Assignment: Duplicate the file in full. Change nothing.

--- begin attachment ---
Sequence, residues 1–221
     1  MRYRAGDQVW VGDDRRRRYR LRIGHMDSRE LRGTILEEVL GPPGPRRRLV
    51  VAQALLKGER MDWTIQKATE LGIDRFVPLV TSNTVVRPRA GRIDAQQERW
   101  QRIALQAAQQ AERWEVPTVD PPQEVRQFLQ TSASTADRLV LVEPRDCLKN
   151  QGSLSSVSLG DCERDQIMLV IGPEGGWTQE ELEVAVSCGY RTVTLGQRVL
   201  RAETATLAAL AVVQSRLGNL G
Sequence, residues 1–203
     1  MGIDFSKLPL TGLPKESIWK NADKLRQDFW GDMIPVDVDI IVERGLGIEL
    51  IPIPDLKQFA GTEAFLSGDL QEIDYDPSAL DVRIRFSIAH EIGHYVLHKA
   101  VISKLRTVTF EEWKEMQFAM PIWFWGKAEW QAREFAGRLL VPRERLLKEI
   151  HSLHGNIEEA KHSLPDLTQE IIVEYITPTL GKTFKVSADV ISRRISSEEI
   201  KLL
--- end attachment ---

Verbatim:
Sequence, residues 1–221
     1  MRYRAGDQVW VGDDRRRRYR LRIGHMDSRE LRGTILEEVL GPPGPRRRLV
    51  VAQALLKGER MDWTIQKATE LGIDRFVPLV TSNTVVRPRA GRIDAQQERW
   101  QRIALQAAQQ AERWEVPTVD PPQEVRQFLQ TSASTADRLV LVEPRDCLKN
   151  QGSLSSVSLG DCERDQIMLV IGPEGGWTQE ELEVAVSCGY RTVTLGQRVL
   201  RAETATLAAL AVVQSRLGNL G
Sequence, residues 1–203
     1  MGIDFSKLPL TGLPKESIWK NADKLRQDFW GDMIPVDVDI IVERGLGIEL
    51  IPIPDLKQFA GTEAFLSGDL QEIDYDPSAL DVRIRFSIAH EIGHYVLHKA
   101  VISKLRTVTF EEWKEMQFAM PIWFWGKAEW QAREFAGRLL VPRERLLKEI
   151  HSLHGNIEEA KHSLPDLTQE IIVEYITPTL GKTFKVSADV ISRRISSEEI
   201  KLL